The pair bought three rattlesnakes from Mike Alman at the Reptile Gardens on Ocean Park Pier in Santa Monica, but Robert decided they were “no good.” Hope then went to visit the legendary Joseph C. Houtenbrink, known as “Snake Joe,” at his snake farm in Pasadena. “I’ve got a big bet that a rattlesnake will strike and eat a rabbit and I want the meanest thing you’ve got to make sure I win,” Snake Joe recalled Hope telling him. Houtenbrink sold him two 6-year-old desert diamondback rattlesnakes named Lethal and Lightning, but felt uneasy about the sale. “Mike Alman…came to my place,” Snake Joe recalled, “and in the course of our conversation, asked me if the man who wanted some hot rattlesnakes had been to see me. I told him he had, and we talked it over and the whole thing seemed suspicious.”
The two grizzled snake men had reason to be wary. On August 4, Hope and Robert set their bizarre plan in motion. Though their testimony was self-serving and filled with lies, we have a general outline of what occurred. Robert convinced Mary, who he claimed was pregnant, to get an abortion. He claimed he had found a doctor to perform the operation in the breakfast nook of their La Cañada home, but that her eyes would have to be covered to protect his identity. He then plied her with “whiskey and bromides,” and placed an unconscious Mary, who was wearing soft pink pajamas, on a table in the breakfast nook. According to the Los Angeles Times, Hope walked into a hellish scene:
“He saw Mrs. James tied with cotton rope to the top of a table, her mouth and eyes covered with adhesive tape. The woman gave only a little groan before [Robert] thrust her left leg into the box occupied by two vicious rattlesnakes.”
The snakes bit Mary three times. But though she writhed in agony, the venom didn’t instantly kill her. A panicked Hope sat nervously in a car in the garage, while Robert frequently came out to supply updates and give the jittery man whiskey. Hours passed. Finally, Robert came out and sat next to Hope in the car. “Well, that’s it,” he said. Tired of waiting for her to die, he had drowned Mary in the bathtub.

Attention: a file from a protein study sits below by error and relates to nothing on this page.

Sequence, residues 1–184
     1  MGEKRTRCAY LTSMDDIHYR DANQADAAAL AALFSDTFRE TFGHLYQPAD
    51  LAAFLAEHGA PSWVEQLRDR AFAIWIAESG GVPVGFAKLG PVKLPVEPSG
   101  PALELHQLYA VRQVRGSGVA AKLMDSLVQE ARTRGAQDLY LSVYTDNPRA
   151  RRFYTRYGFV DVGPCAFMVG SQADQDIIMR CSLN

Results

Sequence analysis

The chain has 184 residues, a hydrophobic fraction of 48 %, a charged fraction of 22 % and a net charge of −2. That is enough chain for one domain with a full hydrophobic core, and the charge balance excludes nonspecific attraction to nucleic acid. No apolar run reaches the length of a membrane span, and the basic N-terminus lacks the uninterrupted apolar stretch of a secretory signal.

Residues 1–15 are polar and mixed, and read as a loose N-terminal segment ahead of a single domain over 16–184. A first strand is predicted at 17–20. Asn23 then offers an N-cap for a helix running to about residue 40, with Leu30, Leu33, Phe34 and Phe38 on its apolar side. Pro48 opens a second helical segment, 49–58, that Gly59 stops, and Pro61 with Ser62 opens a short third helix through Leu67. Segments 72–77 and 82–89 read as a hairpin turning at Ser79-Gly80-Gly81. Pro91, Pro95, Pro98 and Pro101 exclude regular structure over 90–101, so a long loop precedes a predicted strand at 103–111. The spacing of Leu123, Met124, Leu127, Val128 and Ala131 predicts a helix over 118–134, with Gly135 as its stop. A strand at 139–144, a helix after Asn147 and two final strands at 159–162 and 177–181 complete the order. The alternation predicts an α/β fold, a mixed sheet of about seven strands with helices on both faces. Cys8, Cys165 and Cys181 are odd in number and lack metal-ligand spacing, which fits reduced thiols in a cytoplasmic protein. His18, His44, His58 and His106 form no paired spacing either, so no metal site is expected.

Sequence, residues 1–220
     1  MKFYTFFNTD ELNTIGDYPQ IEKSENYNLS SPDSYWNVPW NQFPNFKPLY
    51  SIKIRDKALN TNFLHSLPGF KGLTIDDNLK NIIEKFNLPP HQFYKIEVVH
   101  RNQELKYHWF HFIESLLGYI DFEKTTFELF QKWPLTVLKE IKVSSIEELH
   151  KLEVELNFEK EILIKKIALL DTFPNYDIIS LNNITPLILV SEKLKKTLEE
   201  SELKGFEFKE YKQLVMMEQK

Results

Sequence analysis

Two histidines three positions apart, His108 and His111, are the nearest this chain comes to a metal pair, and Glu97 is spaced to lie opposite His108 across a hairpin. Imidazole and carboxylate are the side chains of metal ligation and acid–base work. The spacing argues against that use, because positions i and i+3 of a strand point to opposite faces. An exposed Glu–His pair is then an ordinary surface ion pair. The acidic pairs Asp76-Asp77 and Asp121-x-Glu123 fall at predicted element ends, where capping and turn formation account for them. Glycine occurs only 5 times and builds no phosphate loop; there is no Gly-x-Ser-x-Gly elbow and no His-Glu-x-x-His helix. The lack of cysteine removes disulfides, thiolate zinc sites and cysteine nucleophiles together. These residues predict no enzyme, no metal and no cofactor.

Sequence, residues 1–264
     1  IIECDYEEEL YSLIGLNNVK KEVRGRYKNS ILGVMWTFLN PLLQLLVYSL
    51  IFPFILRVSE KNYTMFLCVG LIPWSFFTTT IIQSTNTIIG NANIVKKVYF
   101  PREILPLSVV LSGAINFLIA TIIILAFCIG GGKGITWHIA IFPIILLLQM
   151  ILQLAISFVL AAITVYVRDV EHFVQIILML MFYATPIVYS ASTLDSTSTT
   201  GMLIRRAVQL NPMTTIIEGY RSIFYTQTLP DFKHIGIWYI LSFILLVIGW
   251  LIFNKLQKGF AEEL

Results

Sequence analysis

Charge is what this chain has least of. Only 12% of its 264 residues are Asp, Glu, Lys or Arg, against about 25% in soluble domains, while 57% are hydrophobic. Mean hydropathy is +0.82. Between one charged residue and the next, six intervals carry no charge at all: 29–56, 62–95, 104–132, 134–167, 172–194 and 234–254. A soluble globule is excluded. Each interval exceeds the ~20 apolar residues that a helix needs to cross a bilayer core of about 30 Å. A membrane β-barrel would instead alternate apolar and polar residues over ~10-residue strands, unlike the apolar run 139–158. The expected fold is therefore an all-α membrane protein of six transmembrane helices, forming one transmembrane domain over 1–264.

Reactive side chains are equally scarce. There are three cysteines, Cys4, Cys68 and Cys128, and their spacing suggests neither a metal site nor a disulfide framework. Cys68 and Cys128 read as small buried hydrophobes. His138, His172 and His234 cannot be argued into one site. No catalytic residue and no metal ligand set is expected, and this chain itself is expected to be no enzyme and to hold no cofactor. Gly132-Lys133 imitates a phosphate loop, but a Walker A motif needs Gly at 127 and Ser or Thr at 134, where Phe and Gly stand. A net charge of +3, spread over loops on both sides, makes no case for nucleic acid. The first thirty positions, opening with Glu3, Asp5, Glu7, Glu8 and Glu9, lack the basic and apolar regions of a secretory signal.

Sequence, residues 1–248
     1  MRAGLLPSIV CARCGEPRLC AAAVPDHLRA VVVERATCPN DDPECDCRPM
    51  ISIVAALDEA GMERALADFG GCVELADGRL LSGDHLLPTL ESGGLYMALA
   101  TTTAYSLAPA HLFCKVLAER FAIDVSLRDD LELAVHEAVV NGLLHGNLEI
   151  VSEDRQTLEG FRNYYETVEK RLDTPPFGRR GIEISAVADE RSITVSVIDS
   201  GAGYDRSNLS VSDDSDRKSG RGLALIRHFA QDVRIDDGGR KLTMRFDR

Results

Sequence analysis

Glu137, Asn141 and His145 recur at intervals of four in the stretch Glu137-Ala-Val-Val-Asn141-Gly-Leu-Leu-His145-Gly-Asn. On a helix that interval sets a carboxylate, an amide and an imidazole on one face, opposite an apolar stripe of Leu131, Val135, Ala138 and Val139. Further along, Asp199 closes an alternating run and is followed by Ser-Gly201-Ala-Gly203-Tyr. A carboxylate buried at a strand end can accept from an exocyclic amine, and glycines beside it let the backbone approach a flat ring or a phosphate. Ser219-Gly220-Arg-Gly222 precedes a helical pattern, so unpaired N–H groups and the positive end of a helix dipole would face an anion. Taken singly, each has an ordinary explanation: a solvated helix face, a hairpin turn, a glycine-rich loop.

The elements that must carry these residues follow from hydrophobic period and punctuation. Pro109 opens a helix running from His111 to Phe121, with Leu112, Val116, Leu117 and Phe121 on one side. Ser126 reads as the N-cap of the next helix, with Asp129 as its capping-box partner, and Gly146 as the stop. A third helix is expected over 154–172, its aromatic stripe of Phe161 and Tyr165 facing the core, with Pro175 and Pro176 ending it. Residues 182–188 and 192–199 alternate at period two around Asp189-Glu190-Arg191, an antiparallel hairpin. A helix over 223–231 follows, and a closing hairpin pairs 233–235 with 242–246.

“I walked in and saw this girl lying on the floor just outside the bathroom door with her pajamas on and slippers,” Hope remembered. “I carried her feet. He carried her head. I laid her alongside the fish pond.”
After the murder, Hope stayed away from the barbershop, either out of guilt or fear. According to Lois Wright, Robert’s pretty, manicurist niece, he reappeared several weeks later, but “he didn’t let my uncle shave him,” she said. “He went to another chair.”
For his part, Robert quickly dispensed with any semblance of a grieving widower. “[Robert James] confidently tried to redeem the insurance policy Mary Busch had signed,” historian Cecilia Rasmussen wrote in a 1995 L.A. Times article. “But when an insurance investigator stumbled upon the fact that the barber had been married five times, and that James’ third wife had also died by drowning, he tipped the police.”